28 September 2009

174. Refashion 31: Art Therapy Tunic from Skirt and Jeans

I've been absent from the blog.

It's been almost two weeks since my last post and I haven't even responded to the comments yet -- sorry. The last month has been a real doozy, ladies (and the occasional gentleman). It's been a tough year for my friends and family in the areas of jobs/ careers and divorce. Maybe because of our age, or the length of time most of the people we know have been married, or the economy, or some combination of all those things, there is an almost alarming frequency of major career or family upheaval around us. So the blogging has been slow. It has felt this past week like my creativity has been muffled.

After some news Saturday, it's fair to say that I felt quite funky (and not in the good way) on and off all day Sunday. I needed some art therapy big time.

Kyle recently posted a photo of her favorite skirt, and I recognized the fabric from a thrift store garment I bought to refashion. So I pulled it off the shelf and threw it on Clementine:

It was very big on Clementine as a skirt:

I didn't want to just make it a smaller skirt, though I guess that would have been the easiest route in retrospect. I pulled it up on Clementine and the size L skirt was fine around the bust with an extra inch or two to spare. From the front:

From the side:

From the back:

So I sewed pleats on the back, effectively taking up two inches of diameter around the waistband. I'd been working with some distressed black jeans, and I had one leg left from the previous project. I cut it open and draped out some sleeve-ish things. I worked up a sweat. Me, a pair of scissors, a handful of pins. I don't even know if I think it looks good! It's just barely "finished" -- but I'm done, I think:

Nothing like a fake moustache to lift the spirits. I'm 1000% sure the (un-?)sleeves were inspired by a houndstooth Alexander McQueen dress I've shown you before. Wednesday Workshop returns this week! xo

15 September 2009

173. Refashion 30: Men's T to Women's T (New Look 6762)

Oh boy... this is one of the least exciting refashions I've done, but so very practical. I made a t-shirt for myself from a men's XL tee.

Kyle was kind enough to send me New Look 6762 in my recent goody box, which she made and narrowly averted disaster with last fall. Her finished product looked so different from the pattern envelope that when I saw the pattern envelope, no alarms went off. She reminded me, and I checked out all the reviews of NL6762 at PR.com, so I felt ready to tackle this beast -- view E, the raglan tee.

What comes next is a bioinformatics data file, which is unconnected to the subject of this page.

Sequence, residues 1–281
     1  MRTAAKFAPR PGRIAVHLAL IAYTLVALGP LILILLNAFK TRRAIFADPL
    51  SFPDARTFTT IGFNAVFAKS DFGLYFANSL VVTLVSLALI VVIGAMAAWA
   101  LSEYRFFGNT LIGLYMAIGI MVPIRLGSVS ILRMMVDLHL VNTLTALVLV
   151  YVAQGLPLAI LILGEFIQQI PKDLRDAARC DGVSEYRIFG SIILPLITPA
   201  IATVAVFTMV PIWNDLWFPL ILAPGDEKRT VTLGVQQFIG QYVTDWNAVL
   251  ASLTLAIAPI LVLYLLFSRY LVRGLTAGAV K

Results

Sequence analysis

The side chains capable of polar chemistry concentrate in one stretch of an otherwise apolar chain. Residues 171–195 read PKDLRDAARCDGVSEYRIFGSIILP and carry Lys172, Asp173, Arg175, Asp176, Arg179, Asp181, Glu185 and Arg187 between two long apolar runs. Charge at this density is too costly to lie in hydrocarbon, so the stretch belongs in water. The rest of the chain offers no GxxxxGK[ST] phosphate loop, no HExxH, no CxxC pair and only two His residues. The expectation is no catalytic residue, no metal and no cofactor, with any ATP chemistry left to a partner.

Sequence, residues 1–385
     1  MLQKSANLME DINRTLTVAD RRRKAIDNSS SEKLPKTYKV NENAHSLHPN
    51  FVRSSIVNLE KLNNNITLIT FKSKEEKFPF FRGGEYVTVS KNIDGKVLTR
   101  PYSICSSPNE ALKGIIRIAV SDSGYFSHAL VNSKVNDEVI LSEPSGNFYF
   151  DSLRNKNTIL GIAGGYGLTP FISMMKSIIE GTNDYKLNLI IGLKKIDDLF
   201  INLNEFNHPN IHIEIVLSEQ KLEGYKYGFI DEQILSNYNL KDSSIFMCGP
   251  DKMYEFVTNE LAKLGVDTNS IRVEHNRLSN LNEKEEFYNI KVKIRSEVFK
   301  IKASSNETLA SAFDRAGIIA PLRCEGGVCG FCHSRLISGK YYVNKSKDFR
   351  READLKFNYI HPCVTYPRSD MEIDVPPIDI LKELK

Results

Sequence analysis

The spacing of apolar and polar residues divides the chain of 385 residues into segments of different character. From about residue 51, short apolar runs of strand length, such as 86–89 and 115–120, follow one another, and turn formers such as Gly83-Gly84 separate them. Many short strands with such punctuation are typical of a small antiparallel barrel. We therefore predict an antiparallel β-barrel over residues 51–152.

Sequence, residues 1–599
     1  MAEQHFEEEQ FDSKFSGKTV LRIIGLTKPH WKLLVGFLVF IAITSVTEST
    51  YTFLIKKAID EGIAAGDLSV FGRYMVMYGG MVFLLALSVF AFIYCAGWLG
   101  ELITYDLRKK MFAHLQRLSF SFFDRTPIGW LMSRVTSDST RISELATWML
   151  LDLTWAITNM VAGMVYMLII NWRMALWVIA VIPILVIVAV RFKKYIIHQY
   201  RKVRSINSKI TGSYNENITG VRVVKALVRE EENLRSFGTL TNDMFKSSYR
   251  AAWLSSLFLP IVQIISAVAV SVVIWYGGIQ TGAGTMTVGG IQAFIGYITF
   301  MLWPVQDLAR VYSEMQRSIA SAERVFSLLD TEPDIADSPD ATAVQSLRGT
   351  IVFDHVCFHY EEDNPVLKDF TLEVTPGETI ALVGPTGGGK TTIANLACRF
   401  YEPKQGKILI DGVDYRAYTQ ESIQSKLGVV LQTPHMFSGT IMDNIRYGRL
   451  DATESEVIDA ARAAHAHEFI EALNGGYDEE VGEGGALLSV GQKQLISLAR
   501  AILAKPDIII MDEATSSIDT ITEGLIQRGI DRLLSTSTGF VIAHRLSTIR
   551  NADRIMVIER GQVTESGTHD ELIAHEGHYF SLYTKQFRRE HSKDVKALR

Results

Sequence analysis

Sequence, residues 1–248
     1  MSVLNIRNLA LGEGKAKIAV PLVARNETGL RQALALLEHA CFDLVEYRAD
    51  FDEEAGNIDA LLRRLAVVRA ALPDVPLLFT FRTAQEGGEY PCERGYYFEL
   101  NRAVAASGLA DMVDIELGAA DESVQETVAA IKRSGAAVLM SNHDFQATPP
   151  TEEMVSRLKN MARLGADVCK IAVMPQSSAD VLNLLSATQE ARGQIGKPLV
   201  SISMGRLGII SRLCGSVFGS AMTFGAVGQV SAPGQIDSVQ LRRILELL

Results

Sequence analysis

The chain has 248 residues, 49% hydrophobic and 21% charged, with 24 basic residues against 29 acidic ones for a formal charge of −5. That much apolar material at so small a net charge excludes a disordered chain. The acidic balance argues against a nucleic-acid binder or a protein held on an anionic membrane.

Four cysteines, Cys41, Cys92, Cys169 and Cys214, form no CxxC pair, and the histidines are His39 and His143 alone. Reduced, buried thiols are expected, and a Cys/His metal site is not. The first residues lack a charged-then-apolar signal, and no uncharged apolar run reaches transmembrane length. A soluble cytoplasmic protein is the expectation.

I didn't bother taking a photo of the original men's tee because you know very well at this point what an oversized tee on Clementine looks like. :)

There is strangeness and oddity with this pattern. Specifically, there is a sleeve dart which has befuddled and perplexed my predecessors. I've sewn raglan-sleeve garments with 2-piece sleeves so I figured closer contours were the goals behind the sleeve darts in NL6762. Also, previous reviewers noted that the neckband notches didn't match well with the notches on the bodice front and back. A recent reviewer said she did fine when she divided everything in quarters and stretched the neckband evenly around the neckline.

Also, the t-shirt I used for this is not the ideal knit. A swatch of my t-shirt does not stretch as the pattern envelope suggests it should for this pattern. I knew all this going in.

As a result, it took me about 30 minutes to deconstruct my men's tee and cut out the pattern pieces, and 45 minutes to sew it all together. I had to fight the neckband a little because it really did not want to stretch as much as I was forcing it to. I also did not hem the sleeves because they are already an inch shorter than the pattern piece (not enough fabric from the original tee), and decided to leave the bottom hem unfinished as well to match.

The sleeve darts are kind of pointy, even though I took extra care to sew them a little longer and more rounded than the pattern showed. At times, like when I've been moving a bunch and haven't smoothed out the shirt in a while, you can really tell, like in the photo at the end of the post. Most of the time, you can't tell the pointy shoulder darts from rumply cotton:

Other notes:
  • I took my usual 1" petite alteration at the waist.
  • I added about 4-5" at the bottom because the original t-shirt had enough fabric. This is tunic-length, and I really like it.